But Sandwich

We’re home now, which is better than being stuck in a hospital. We get to shower and put on clean clothes, cook a meal and sleep in our own beds. We’re able to enjoy the lights on our Christmas tree and the garland stretched across the mantle over the crackling fireplace. We’ve watched holiday movies with our kids and kissed the grimy-faced little boys we’ve been apart from for more than a week.

But we’re not healthy still. Grady’s got a version of what Rosie has. Fortunately, it only affects toddlers mildly. Eli’s appetite is low and he has been a little sniffly. Not a big deal under normal circumstances but considering what we’ve been though lately, we don’t take anything lightly.

Kelley and I have both come down with probably the same thing. For us, it’s a head cold but with Rosie’s RSV in its history. We’re both getting better but it makes it a challenge to care for a baby with nasty chest congestion and breathing impairment, a toddler and a six year old with a cold and try to make Christmas memorable for them.

What you will not hear from us is complaining. No matter how challenging these days, we are glad to be at home walking though this together.

As most of you know, our family is the center of our lives. And for us, when we are apart we feel it. So to be together, regardless of what’s going on within and around us, is more fulfilling than any other option. Especially during the holiday season.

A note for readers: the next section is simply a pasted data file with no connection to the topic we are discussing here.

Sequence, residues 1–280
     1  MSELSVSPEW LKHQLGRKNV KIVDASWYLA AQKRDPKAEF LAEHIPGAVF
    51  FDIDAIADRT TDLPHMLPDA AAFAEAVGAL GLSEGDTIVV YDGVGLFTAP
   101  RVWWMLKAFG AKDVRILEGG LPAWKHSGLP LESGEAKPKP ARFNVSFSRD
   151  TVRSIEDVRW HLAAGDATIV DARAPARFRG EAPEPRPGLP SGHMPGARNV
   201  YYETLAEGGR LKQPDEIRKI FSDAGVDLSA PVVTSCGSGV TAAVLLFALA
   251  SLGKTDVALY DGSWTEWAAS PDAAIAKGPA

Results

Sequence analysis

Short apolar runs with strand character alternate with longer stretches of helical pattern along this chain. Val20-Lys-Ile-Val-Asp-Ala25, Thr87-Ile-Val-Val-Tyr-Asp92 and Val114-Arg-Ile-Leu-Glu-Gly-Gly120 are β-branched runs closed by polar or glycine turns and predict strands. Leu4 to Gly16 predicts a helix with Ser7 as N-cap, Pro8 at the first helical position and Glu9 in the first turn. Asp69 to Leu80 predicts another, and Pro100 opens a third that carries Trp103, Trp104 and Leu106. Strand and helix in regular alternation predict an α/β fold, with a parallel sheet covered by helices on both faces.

I know we still have a week or so to go before Rosie is actually cleared. She has to sleep elevated for awhile until we are certain her O2 levels stay in the safe zone while she sleeps. To do this she is strapped into a specially designed wedge that helps her breathe and keeps her oxygen where it needs to be. The problem is – she hates it. It scares her. And her voice is gone from all that she’s been through, so when she cries we don’t hear her. It’s heartbreaking, really. She wakes up alone in a contraption she can’t escape from and can’t tell us she needs us.

Best I can relate, it’s like the dreams I have where I’m being chased and can’t produce the sound from my voice to scream for help.

Last night, we put the wedge between us in our queen-size bed so that if she woke up, we’d be there with her and maybe she wouldn’t be so scared. But due to its size, Kelley and I each have less than two feet of space in the bed for our adult bodies. Which only allows for one sleeping position; I call it the coffin pose. Toes up. Hands crossed across the chest. No movement allowed. Some people may like this. It’s a bit restrictive for us.

We’ll work it out somehow.